Letter From the Editors
After a month and a half of fighting in Nagorno-Karabakh, Armenia grudgingly signed a ceasefire with Azerbaijan. The decision came almost immediately after Baku said that it had seized the strategically important town of Shusha, thus putting Stepanakert directly in the crosshairs of Azerbaijan’s troops. Armenian military commanders had virtually no other option but to raise the white flag.
Armenians were not happy with their leaders’ decision, and took to the streets of Yerevan to show their discontent, storming government buildings and beating parliamentary speaker Ararat Mirzoyan unconscious. Political analyst Stanislav Pritchin writes that Armenian Prime Minister Nikol Pashinyan “signed his own death warrant” by accepting the ceasefire agreement, which returns to Azerbaijan a significant amount of territory that Armenia had seized in the previous Nagorno-Karabakh war. The humiliated Pashinyan did not even join the virtual livestream of the signing of the ceasefire.
If Armenia was a sore loser, Azerbaijan was not exactly a gracious winner, writes analyst Arkady Dubnov. Azerbaijani President Ilkham Aliyev, in a victory speech delivered after the ceasefire was signed, gloated over Armenia’s defeat. More significant than Baku’s victory over Yerevan is the fact that Azerbaijan is gaining even more independence from Moscow, the analyst says. Baku’s victory also strengthens the global Islamic Ummah and fuels Turkey’s neo-imperialist ambitions, Dubnov claims. Sovetskaya Rossia columnist Anatoly Tarasov says that the conflict showcased Russia’s decline as a global power and Turkey’s rise as a regional force. He even obliquely suggests that Azerbaijan may have deliberately downed a Russian military helicopter shortly before the ceasefire was signed so that Turkey could be brought in as a peacekeeper, thus giving Ankara a greater toehold in the region.
On the other side of the world, US President Donald Trump is acting like a sore loser after his defeat in the presidential election: He is not ready to concede without a fight, promising legal battles to contest election results he considers suspect. Russian media outlets and political analysts are largely accepting of Joe Biden’s victory but despairing of the prospects for US-Russian relations under a Democratic administration. Izvestia columnist Aleksei Zabrodin writes that the world had been waiting for Trump’s “ouster” with bated breath, viewing his tenure in the White House as something of a train wreck. He says that despite the narrative of Trump’s political opponents that Trump was Putin’s pal, Trump was actually inconvenient for Russia and took relations with Moscow to their worst level ever. So Russia, like many other countries unnerved by Trump, is probably somewhat relieved that a conventional and predictable politician will now take the helm in America.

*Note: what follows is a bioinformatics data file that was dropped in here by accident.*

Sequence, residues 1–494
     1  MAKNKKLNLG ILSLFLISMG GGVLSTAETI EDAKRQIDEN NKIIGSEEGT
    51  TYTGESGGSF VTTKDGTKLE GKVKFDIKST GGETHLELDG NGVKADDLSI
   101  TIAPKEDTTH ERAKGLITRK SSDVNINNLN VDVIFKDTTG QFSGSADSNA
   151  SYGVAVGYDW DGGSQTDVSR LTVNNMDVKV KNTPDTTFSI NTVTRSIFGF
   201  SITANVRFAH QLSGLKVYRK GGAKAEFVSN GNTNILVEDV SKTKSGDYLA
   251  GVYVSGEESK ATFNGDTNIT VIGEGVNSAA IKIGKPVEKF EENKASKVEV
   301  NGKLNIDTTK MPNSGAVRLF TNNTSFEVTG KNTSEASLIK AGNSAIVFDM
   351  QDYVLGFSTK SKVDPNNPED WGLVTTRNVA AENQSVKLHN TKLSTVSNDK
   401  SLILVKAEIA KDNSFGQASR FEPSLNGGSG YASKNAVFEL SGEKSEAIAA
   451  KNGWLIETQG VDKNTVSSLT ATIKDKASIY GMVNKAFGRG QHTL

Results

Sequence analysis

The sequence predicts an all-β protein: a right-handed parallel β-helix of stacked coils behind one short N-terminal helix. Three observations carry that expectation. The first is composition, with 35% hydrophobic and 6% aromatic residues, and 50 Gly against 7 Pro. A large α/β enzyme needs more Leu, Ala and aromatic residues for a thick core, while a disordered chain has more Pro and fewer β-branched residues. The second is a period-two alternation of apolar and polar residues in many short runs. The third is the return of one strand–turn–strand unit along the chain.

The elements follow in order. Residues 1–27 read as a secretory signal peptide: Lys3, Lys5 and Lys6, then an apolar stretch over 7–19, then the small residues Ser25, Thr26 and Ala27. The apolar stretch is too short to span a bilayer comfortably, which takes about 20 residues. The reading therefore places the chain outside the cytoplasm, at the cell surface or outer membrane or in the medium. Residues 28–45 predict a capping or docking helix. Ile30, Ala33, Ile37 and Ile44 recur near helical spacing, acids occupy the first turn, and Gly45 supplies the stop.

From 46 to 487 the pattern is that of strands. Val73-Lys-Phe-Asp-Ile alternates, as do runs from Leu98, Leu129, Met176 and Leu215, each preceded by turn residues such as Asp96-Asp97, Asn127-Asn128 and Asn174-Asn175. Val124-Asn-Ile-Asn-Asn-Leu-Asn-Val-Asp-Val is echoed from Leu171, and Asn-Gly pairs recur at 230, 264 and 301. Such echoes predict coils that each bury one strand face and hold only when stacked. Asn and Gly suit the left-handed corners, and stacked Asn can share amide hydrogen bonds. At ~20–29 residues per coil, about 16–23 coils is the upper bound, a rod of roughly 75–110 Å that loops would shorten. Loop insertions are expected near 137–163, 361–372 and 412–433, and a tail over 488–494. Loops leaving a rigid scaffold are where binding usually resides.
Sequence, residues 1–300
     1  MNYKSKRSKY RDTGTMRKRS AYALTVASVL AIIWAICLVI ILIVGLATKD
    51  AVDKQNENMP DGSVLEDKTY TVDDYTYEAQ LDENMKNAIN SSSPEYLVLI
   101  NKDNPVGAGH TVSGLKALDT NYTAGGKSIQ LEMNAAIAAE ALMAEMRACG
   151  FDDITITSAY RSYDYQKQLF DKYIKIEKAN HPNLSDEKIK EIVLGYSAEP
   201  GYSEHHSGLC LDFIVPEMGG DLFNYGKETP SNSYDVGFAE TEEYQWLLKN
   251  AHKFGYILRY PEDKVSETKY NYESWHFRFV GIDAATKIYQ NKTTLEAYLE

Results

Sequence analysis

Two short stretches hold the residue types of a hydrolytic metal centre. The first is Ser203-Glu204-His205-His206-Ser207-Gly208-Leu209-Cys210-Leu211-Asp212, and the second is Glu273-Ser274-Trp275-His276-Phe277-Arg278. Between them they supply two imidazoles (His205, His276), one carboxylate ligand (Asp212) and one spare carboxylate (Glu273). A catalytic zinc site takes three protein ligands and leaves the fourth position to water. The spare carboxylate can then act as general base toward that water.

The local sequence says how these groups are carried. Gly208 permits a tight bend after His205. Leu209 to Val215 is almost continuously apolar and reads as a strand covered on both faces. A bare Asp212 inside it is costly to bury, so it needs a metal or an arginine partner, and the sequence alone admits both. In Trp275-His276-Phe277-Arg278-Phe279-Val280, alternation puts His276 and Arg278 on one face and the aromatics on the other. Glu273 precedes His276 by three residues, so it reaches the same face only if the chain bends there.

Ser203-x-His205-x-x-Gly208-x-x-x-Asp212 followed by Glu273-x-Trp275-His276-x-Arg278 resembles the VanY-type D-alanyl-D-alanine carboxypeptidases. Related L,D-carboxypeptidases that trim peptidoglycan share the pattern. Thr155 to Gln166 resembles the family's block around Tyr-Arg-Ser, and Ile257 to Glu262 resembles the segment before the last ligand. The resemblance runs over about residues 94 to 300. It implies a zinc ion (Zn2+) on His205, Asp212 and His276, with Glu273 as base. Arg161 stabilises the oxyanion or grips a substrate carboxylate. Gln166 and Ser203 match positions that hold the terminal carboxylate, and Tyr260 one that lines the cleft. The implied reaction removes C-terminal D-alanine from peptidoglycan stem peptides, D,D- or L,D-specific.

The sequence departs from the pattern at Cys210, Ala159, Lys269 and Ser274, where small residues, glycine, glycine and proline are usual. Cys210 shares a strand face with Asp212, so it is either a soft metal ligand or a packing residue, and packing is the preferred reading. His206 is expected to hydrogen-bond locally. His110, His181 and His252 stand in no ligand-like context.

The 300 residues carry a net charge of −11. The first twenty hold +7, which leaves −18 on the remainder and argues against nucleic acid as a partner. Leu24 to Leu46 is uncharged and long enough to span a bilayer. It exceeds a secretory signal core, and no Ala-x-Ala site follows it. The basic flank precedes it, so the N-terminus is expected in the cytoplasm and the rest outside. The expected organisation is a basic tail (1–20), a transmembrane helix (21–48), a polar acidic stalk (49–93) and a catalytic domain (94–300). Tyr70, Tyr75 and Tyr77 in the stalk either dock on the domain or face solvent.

But the clear consensus in the Russian press is that the new American president will put even more frost in the air with Moscow. Andrei Kortunov, director of the Russian International Affairs Council, thinks Biden won’t even have time for Russia until the late spring of 2021. Vladimir Frolov agrees, believing that Biden will take Obama’s stance that Russia is a “regional power in decline” and thus not worthy of attention. Frolov says that Biden, who is in many respects the polar opposite of Trump, being well versed and well read on policy issues, will not fall for personal flattery the way Trump did, and will take Putin to task if need be.
Arguably more important than what Biden’s election means for Russia is what it means for the US, which is experiencing a moment of reckoning, says Ivan Kurilla. America is in an existential crisis, with two opposing, almost numerically equal camps fighting for what they believe is the soul of America. “In any case, we should not expect the United States of America to calm down after the turmoil of the past four years,” Kurilla writes. As the top stories in this week’s issue of the Current Digest show, although ceasefires and elections create new realities, they don’t necessarily resolve tension.